During the spring, I worked with amazing young people who are a part of the Transit Justice Youth Corps, a group supported by the Rainier Beach Community Empowerment Coalition and Puget Sound Sage. They wanted to highlight the beautiful diversity and successes of their neighborhood and also to address the safety and transit access that they and their neighbors are concerned about. These young leaders are awesome community organizers and social justice advocates who inspire me with their dedication and infectious enthusiasm.
Join me in celebrating their work and moving it forward! On Saturday, Sept. 12th at noon, we will officially unveil the bus mural we developed and created together at Renton Avenue South and South Henderson. Immediately afterwards, we’ll do a fun photo shoot at South Henderson and 50th Avenue South. Picture the Beatles’ Abbey Road, but RB-style.
For those of you who live in South Seattle’s Rainier Beach and Rainier Valley, come represent! We are looking for people of different ages, ethnicities, abilities and fashion sensibilities to walk across South Henderson at 50th Avenue South and be photographed for a future bus mural. We want people
- wearing long dresses and pants that cover the leg; skirts, shorts; various foot wear, like sneakers, sandals, dress shoes, boots
- using a wheelchair, walker, or cane
- riding skateboards, bikes, or strollers.
Come out and strut your stuff! I will be aiming my camera low, focusing primarily on people’s arms and legs, so around 4’6″ and below. Young children and others who are under this height limit are still invited to participate, but please know that your face may end up showing in the photograph. You’re welcome to bring a fun mask if you’d like!
The Rainier Beach Art Walk will be happening at this time, so you’ll have plenty of other beautiful artwork, local businesses and talented entertainment to check out. Hope to see you there!
I started out as a cultural worker primarily by writing about community issues for newspapers and non-profit organizations. More recently, I have turned to visual art. Through art, I feel like I can present the complexities of race, identity and my hopes for social justice in more nuanced ways that, I hope, can spark contemplation and conversation, and engage our collective imaginations to work for a better world where there’s room for all of us. On July 3rd, I joined fellow artist Jasmine Brown and community activist Sharon Maeda to discuss “Under My Skin,” the current exhibition on race in the 21st century now on display at the Wing Luke Asian Museum, on KBCS’ Music and Ideas program. Here’s a link to that discussion (listen to some great grooves first, or click on hour 2 and skip to the 30 minute mark).
The Wing Luke Asian Museum has put together an incredibly thoughtful, provocative collection of work by artists who want us to grapple with all the ways race and racism affect us all. Check it out.
On Wednesday, May 22nd, the International Examiner presented me with its 2013 Community Voice Award for Individual Artist. Since time was short (and I was also responding to/cracking up at the roast given by Soya Jung), I could not fully express my gratitude that night. Below is a more complete version of my intended remarks.
Thank you to the folks at the International Examiner for this honor. This is especially meaningful to me because it was through working as a writer and editor at the Examiner 20 years ago that I learned so much about our community and established relationships that continue to enrich my life to this day.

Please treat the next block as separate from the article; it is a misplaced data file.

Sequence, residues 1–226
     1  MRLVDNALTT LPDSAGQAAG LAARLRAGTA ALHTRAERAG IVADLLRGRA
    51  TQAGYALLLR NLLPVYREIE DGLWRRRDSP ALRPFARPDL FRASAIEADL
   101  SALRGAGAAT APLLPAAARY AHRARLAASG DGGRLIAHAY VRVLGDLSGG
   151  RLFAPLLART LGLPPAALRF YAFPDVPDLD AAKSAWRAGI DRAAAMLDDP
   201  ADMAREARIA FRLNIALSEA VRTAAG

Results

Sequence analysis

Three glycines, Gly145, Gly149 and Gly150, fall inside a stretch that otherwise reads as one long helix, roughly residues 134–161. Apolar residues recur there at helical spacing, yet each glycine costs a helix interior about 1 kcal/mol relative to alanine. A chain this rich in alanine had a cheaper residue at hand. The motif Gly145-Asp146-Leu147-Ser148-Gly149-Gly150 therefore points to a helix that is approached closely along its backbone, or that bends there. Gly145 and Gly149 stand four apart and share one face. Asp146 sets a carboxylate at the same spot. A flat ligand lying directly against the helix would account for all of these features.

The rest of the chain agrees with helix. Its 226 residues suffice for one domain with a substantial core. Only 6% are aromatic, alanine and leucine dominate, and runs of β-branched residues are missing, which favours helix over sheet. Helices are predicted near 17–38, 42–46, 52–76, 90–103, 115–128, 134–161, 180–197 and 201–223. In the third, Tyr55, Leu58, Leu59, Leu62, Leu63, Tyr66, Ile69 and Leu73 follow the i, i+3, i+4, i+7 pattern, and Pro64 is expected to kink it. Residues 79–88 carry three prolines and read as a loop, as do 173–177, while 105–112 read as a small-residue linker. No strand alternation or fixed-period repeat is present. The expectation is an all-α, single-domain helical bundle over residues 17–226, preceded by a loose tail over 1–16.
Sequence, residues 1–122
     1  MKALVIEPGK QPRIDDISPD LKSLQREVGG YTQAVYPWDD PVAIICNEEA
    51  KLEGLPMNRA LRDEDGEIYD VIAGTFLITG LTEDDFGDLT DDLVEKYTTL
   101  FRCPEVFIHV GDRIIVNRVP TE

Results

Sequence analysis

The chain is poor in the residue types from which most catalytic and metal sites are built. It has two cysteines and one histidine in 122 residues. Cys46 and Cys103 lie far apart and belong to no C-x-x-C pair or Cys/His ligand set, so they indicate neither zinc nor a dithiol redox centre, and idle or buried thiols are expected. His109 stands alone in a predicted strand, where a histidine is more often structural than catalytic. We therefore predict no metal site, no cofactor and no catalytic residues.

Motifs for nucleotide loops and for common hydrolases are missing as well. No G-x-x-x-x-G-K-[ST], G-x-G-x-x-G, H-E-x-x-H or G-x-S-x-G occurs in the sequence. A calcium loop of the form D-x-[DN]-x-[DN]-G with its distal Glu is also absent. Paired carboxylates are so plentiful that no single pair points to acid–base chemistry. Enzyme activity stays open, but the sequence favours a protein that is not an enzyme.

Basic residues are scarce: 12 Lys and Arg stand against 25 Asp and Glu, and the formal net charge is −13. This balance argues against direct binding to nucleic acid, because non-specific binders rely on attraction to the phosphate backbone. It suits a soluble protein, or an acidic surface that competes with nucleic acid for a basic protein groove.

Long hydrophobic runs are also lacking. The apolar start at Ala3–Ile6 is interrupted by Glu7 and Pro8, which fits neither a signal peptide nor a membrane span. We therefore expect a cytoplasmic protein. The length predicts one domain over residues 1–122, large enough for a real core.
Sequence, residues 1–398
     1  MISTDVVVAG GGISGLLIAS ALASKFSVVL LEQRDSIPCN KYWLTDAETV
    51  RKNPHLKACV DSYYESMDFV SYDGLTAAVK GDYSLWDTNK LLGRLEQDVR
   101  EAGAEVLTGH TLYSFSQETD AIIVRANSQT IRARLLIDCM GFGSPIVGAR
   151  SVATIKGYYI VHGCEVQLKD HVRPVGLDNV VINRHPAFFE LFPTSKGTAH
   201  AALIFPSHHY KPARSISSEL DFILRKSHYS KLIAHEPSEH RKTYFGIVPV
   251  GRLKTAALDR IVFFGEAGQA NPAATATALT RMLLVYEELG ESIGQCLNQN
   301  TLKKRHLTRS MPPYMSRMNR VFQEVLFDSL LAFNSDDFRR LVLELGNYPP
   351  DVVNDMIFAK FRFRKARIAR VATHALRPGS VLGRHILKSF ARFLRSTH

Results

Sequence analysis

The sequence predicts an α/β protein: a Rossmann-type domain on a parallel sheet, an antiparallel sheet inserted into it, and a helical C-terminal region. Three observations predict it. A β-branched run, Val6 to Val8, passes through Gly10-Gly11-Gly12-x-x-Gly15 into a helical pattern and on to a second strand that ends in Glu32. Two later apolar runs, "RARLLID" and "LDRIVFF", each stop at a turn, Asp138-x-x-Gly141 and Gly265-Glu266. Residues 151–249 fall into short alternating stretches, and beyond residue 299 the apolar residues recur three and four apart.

Someone said that giving is a learned behavior, and I learned that from my parents, Joseph and Cora del Rosario, who are here tonight. Once they were working, they put their younger siblings through college, showing me how important it is to help the next ones coming up.
I’ve also learned about giving from my partner, dear friends and friends of friends. They have literally given me keys to their homes so I could have a safe place to stay, not just when I’m traveling, but here in Seattle, when I needed it most. They have fed me, clothed me, comforted me. Besides meeting these very basic needs, they have also helped me move forward as an artist. They have bought my art and promoted my work to their family and friends. They have chipped in to send me to art workshops. They have given or loaned me photographic equipment and art supplies. They have mentored me and inspired me. They have opened doors to teaching, to exhibiting and to so much more. I can’t thank each of them enough for the ways they bless my life.
Now, these are all very personal exchanges. But there are those anonymous exchanges that have helped me get where I am and do what I do.
If you have ever paid sales tax in the state of Washington or federal taxes, thank YOU because you too have helped me.
When I needed dental work but didn’t have any insurance, you made it possible for me to go to International Community Health Services and Seattle Indian Health Board, so I could eat without pain and keep working.
When I needed primary health care but could only afford catastrophic health insurance, you made it possible for me to get quality care at a community clinic and afford low-cost prescriptions.
When I wanted to continue learning, you made it possible for me to take art classes at Seattle Central Community College.
Whenever I go teach young people art, you make it possible for me to get there by bus, so I can use parking and gas money on other necessities.
You make it possible for me to teach, to provide arts education to young people at community-based arts programs funded by Seattle’s Office of Arts and Cultural Affairs. You make it possible for my work on race, gender and identity to be shown at the Wing Luke Asian Museum’s current exhibition, Under My Skin. You also make it possible for the collective I co-founded, IDEA Odyssey, to promote artists and visual art that explores culture, diversity and identity through funding from Seattle’s Department of Neighborhoods, 4Culture and the Washington State Arts Commission.
So thank you, each and every one of you. When you give not only to your loved ones, but to our collective community, you make it possible for each of us to get what we need in order to pursue our dreams and to keep giving back.
I have spent the last few months digging deep into work — teaching youth at various schools and community-based programs throughout King County, attending classes and workshops to further my own artistic development, and working on my own creative projects. Now, some of the fruits of this labor are beginning to bear fruit.